Following the outbreak of the Russia-Ukraine war in February 2022, the Ministry of Economy called on largescale grain farmers, mill owners and general food importers to accumulate a three-month stock of food. This was followed by the setting up of a Grain Bureau by the Economy Ministry.
In January this year, during a meeting of the Supreme Committee to Develop a Food Security Strategy held at the headquarters of the National Council for Economic and Social Development in Tripoli, Minister of Economy and Trade Mohamed Hwej said developing a strategic plan for national food security is a primary goal for his ministry in 2023.
While earlier this month at a meeting of the Advisory Committee of the Libyan Grain Bureau, Hwej stressed the importance of paying attention to grains and working to preserve their strategic stock.
He said policy direction should be to encourage grain cultivation locally and increase the percentage of dependence on local production, by solving the problems of marketing and purchasing production directly from farmers at encouraging (subsidised) prices.
Producing grains locally and preserving the strategic stock of them is a matter of national security, he added.
Speaking on the topic exclusively to Libya Herald, Libyan specialist in the Physiology of the Crop Environment, Dr. Saleh Bugharsa, said that 90 percent of Libya is desert, and wheat is grown in areas that receive large amounts of rain. In Libya these conditions are available in the Al-Jabal Al-Khader region, with a rainfall rate of 400 mm and the Western Mountain region, adding that wheat needs more water than barley.
Single pivot irrigation system in the south produced large yields
Pointing out that wheat needs large amounts of irrigation, so its cultivation in Libya has succeeded in the south-eastern regions, including Kufra, al-Sirir, south of Sebha, and near Ubari in the southwest due to the abundance of groundwater. In these areas its cultivation yielded large quantities, reaching thousands of tons, with the single pivot irrigation system.
Libya was self-sufficient in durum wheat in 2010
Bugharsa said from the economic point of view, production is studied or calculated in terms of consumption, and the gap between consumption and production is bridged by imports. This, he noted, does not happen in Libya, where imports are done without studies of continuous grain types, especially since it enables part of Libya’s wheat needs at home. This is especially the case for durum wheat, which is cultivated intensively in the Libyan south to the extent that in 2010 Libya was self-sufficient in this variety not needing to import to cover its deficit.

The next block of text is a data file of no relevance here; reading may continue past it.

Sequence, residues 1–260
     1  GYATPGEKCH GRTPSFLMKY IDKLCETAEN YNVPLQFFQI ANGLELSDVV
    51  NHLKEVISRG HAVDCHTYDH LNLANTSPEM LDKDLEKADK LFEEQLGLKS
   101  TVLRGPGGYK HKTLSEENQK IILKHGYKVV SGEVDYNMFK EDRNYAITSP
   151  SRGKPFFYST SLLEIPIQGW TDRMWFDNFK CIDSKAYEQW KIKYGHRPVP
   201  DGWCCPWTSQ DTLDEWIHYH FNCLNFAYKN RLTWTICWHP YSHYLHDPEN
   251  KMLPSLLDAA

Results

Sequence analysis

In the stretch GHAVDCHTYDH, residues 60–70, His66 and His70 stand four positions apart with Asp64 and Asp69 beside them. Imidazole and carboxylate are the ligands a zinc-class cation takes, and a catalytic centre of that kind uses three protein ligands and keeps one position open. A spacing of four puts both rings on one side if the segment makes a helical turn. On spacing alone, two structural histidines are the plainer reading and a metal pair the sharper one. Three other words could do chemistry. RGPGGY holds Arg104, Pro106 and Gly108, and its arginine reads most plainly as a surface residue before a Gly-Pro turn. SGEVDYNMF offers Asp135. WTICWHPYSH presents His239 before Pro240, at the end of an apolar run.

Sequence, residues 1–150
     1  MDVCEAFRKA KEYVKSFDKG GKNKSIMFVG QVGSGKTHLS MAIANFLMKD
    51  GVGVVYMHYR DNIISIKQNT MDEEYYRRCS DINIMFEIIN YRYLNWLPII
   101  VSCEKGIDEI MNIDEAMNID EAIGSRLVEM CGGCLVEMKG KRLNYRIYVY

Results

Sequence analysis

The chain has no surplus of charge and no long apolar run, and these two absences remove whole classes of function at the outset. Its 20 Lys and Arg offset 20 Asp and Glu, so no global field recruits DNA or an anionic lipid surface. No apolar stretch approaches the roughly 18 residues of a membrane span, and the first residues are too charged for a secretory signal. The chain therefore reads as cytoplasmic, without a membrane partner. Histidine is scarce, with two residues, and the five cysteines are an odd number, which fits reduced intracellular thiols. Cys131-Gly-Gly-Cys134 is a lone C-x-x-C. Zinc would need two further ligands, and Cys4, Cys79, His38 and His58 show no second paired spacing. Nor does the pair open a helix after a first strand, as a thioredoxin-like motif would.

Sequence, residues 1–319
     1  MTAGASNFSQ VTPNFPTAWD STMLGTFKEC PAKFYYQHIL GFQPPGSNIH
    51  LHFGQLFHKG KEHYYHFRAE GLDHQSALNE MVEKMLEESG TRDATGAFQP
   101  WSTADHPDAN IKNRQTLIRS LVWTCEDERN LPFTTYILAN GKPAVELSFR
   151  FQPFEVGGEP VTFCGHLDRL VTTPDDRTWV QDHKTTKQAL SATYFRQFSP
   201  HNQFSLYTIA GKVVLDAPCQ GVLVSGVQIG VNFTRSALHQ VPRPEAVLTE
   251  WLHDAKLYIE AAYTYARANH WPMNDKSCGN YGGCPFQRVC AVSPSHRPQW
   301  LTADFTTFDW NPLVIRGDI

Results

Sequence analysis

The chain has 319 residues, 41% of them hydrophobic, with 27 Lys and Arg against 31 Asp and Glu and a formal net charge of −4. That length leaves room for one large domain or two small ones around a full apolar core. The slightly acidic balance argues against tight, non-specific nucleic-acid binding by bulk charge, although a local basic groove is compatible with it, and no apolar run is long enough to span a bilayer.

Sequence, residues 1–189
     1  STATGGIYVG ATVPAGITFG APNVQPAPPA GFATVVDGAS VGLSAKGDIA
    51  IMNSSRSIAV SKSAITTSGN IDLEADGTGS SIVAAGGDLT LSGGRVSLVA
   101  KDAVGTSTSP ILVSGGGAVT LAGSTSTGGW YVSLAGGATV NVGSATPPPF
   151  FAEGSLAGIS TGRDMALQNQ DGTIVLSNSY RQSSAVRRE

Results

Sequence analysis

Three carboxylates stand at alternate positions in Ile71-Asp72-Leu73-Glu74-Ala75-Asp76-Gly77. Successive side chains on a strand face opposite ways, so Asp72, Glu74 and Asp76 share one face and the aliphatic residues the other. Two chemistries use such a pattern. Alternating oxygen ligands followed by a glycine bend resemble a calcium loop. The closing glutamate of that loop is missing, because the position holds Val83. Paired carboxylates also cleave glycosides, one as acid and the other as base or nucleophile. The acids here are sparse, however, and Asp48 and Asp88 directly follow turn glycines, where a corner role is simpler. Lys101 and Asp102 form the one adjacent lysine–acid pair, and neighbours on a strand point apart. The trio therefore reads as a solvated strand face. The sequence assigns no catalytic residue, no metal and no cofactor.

Libya can become self-sufficient in several produce
He said that in Libya, when comparing the large areas of arable land with the population, with the availability of material and human capabilities, we can reach self-sufficiency and even export the surplus. The is not the case only in wheat and barley, but in all crops, fruits, vegetables, aromatic and medicinal plants.
Agriculture in decline since the discovery of oil
Bugharsa stressed that the reality of agriculture in Libya is in clear decline since the discovery of oil, which led to the migration of people from the countryside and villages to the cities and their abandonment of agriculture and grazing.
Sub-Saharan demand for grain will triple by 2050
Also speaking to Libya Herald, Dr. Ahmed Boulsien, Professor of Economics and former Dean of the Faculty of Economics at the University of Tripoli, said the level of global trade in wheat annually is approximately $40 billion and demand for grains in sub-Saharan Africa will almost triple by 2050.
Libya needs 1 million tons of wheat
He said unless there is significant local agricultural intensification and massive expansion of cropland, the region will become much more dependent on grain imports than today, this, he stressed, was especially the case for Libya, whose annual needs amount to nearly one million tons of wheat – divided between 700,000 tons of soft wheat and 300,000 tons of durum wheat. Most of this is currently imported from abroad, despite the possibility of cultivating the entire amount of durum wheat in Libya, he bemoaned.
Political and security instability adversely affecting wheat production in south
Boulsien noted that the reason for the historic decline in the cultivation of durum wheat in Libya, despite the availability of capabilities, is the state of instability, especially in the south. In the south, power outages have been widespread during the past years adversely affecting electric driven irrigation, and the high cost of transportation from farms in the south to mills in the north had also disincentivised production.
Production likely to increase in 2023
However, recent geopolitical factors and the global increase in grain prices, the relatively stable security situation in Libya and the absence of power cuts during this season are likely to increase Libya’s production of durum wheat in the south.
Wheat import bill will rise sharply – needs strategic rethink
Boulsien stressed that Libya will face a significant increase in its wheat import bill, and this is due to two main factors. First, is the large dependence on wheat as a basic food component in Libyans’ diet. Second, is the decrease in its wheat production relative to its domestic consumption. This, he noted, calls for a deep rethinking of the future direction to address the problem.
There needs to be a focus on two goals, he explained. The first is how to increase wheat production in the region through collective investment measures and benefit from cheap energy sources and fertilizers in this strategic field. The second goal is making a regular change in the diet and trying to reduce waste in wheat consumption.